#18

I’ll throw my hat here and say that consistent progress will be faster than going hard and burning out. I averaged 21 days per level up for the first 10 levels, and while that is slow it allowed my to stay on top of my reviews and mete out my lessons at a comfortable pace so it was never hard or frustrating. Gradually as I got better at learning I increased the pace of lessons, but I think you should prioritise doing reviews every day and not lessons. If you don’t get around to doing lessons or don’t feel like it, the world won’t end, but doing so many lessons that a consistent review schedule is unmanageable is a fast track to burnout, frustration and quitting.

Everyone is impatient to learn more now but learning a language won’t happen overnight, you need to be able to maintain consistent learning for a long, long time, so start reasonable and comfortable and build it up from a place of comfort and stability.

I would also follow other recommendations to drop down a few levels to clear your review schedule a bit, multiple huge review sessions with many errors will not motivate you.

Edit: physically writing out a daily schedule for learning is not a bad idea either, I have to use a task manager to keep my various pursuits in check so including Japanese in that wasn’t a huge ask but it helps monumentally in keeping yourself in check with what you have time for and how much you are physically capable of learning.


#19

Language learning definitely requires consistency, so burn-out can be a real threat to your progress. On the one hand, if you keep pushing, it’ll probably get worse. On the other, if you take a break, you’ll have to “reboil the water” so to speak. Perhaps you can find a middle ground. When I was overwhelmed with other obligations and just couldn’t get myself to do my grammar lessons or my reviews, I tried to at least stick to a bare-minimum routine. Just five minutes a day if necessary. That takes little motivation, but will at least keep you making progress and - possibly more importantly - keep you in the habit of regular study. I’ve used this technique for other things too, like exercising. I figure I can do three push-ups when I get up no matter what. Not as great as a full body workout at the squat rack, but it’s something. Eventually, the thrill will come back and you can ramp it up when you are ready.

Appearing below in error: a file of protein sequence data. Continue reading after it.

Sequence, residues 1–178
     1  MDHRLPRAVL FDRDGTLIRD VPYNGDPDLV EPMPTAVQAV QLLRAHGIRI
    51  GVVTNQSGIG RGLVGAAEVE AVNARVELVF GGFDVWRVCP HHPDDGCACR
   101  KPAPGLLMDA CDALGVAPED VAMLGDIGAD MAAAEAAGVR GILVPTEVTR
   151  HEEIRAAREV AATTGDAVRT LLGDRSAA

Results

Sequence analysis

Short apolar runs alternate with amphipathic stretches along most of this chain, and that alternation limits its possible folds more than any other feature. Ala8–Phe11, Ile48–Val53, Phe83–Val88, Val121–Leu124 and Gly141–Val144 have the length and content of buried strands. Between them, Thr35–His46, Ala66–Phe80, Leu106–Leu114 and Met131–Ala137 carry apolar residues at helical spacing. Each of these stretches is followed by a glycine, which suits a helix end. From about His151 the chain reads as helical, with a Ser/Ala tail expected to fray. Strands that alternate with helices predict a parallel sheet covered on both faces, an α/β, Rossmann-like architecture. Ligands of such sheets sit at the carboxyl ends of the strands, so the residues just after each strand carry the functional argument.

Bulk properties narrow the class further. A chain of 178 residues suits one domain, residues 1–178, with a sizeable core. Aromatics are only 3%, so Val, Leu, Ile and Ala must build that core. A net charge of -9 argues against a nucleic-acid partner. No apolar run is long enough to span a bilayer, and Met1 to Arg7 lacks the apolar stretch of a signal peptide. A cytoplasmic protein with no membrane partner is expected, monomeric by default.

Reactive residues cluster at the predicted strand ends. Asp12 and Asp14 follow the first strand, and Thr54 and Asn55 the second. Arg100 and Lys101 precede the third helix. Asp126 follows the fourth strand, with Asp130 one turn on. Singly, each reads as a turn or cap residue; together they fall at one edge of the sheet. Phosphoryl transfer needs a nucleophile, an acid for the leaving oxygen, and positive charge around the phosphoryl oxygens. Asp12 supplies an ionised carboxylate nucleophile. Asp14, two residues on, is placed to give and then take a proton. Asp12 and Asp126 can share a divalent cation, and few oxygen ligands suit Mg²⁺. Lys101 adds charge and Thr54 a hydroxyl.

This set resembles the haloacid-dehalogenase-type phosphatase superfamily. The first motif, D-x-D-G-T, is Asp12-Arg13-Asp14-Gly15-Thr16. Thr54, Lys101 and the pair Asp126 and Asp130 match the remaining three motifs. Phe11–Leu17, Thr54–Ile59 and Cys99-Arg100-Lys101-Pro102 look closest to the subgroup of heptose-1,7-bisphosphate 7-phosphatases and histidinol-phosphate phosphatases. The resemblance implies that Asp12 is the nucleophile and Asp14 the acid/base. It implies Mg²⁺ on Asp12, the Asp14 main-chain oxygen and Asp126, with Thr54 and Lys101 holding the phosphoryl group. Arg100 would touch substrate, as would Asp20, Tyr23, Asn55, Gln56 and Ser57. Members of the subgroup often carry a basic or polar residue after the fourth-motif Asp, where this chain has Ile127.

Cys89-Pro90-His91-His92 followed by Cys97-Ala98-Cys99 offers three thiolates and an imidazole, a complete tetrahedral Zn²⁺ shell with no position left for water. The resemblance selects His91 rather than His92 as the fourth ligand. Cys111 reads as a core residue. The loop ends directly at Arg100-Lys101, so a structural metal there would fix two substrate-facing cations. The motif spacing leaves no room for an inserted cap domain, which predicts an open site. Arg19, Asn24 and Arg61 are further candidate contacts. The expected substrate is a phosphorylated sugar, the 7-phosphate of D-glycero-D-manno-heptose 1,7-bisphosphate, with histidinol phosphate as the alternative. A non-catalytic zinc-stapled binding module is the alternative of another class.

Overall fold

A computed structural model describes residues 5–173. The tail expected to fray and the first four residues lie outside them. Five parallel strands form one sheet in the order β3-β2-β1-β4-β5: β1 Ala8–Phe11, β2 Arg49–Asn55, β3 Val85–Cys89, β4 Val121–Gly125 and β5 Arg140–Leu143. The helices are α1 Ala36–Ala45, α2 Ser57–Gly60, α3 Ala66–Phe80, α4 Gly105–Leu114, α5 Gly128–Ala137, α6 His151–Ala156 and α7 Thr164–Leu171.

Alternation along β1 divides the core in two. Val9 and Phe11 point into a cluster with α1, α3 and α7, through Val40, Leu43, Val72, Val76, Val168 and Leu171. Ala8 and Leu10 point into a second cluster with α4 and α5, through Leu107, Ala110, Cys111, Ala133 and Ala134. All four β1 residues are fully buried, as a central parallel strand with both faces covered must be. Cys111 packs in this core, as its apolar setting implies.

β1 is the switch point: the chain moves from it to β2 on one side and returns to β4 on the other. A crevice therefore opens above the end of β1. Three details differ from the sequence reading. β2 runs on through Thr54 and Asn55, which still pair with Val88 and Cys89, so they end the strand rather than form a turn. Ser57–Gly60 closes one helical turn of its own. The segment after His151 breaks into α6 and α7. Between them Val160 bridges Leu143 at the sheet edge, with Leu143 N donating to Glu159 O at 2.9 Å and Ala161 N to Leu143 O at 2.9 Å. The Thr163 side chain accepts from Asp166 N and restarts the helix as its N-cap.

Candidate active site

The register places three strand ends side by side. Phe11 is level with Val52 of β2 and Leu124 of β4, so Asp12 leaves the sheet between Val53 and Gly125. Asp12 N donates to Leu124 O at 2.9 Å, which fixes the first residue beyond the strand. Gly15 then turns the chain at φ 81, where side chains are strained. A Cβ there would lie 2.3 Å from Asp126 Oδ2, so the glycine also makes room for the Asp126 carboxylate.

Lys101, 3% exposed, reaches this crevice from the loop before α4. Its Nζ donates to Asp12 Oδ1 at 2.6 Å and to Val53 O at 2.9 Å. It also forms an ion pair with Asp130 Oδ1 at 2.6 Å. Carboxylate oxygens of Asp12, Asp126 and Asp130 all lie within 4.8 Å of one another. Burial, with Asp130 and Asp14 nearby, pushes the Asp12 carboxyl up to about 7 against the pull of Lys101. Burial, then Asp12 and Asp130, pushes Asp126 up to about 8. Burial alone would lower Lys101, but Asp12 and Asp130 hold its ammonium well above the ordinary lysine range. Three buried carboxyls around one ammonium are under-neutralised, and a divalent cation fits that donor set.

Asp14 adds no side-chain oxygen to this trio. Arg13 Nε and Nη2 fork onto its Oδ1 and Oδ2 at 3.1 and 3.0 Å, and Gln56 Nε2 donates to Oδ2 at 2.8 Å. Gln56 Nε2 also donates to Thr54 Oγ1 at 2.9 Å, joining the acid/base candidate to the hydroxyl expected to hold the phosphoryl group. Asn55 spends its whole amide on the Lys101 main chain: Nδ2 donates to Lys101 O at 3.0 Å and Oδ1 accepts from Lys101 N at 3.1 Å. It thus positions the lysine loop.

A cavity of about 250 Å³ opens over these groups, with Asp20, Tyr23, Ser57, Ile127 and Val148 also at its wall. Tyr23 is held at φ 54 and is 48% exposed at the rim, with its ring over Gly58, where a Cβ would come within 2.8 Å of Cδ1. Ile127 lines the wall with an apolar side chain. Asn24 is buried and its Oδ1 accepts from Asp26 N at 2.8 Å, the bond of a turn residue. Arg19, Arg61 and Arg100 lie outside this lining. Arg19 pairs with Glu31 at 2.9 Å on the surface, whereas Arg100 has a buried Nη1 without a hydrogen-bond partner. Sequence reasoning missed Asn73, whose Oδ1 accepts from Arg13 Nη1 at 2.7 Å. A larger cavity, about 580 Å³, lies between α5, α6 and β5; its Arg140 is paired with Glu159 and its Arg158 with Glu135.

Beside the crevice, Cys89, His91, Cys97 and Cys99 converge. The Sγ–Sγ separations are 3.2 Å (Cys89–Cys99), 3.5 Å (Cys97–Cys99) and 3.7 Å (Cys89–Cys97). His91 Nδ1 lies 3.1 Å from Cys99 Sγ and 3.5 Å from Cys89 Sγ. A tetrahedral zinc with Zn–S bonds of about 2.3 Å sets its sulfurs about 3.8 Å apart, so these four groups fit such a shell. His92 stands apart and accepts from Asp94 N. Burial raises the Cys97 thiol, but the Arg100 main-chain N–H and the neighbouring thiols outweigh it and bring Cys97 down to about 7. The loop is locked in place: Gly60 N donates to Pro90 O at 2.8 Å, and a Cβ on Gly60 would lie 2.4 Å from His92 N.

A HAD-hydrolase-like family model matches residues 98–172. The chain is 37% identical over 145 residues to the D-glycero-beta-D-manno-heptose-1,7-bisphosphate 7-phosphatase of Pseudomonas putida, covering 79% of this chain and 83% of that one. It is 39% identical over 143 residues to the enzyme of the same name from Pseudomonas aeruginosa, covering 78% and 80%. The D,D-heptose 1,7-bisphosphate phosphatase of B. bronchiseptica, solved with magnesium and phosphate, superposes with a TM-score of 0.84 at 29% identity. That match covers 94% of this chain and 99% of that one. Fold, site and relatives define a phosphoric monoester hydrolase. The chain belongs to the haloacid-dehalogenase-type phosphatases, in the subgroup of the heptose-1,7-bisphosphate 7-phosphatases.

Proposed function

In regards to grammar learning, I learned my third language using multiple grammar books and exercises. This wasn’t as effective as I had hoped. Later, I learned a technique from a really good language learning book that suggested simply reading your grammar book through every few months. Every time you read it through, more and more things will make sense. If there are exercises, do them mentally as writing them wastes time, and look up the answers immediately. The important thing is getting as much observation of how the language works as possible. This supports the natural process that your brain must go through of pattern recognition. No amount of rule memorizing will ever make the grammar really stick in any useful way. Ultimately, the grammar must just become a part of you. This is just like your native language; sure various rules were solidified by learning them in school, but in reality you know most of your grammar because it either sounds right or doesn’t sound right.

Hope these thoughts and everyone else’s helps you and that your motivation returns to you soon!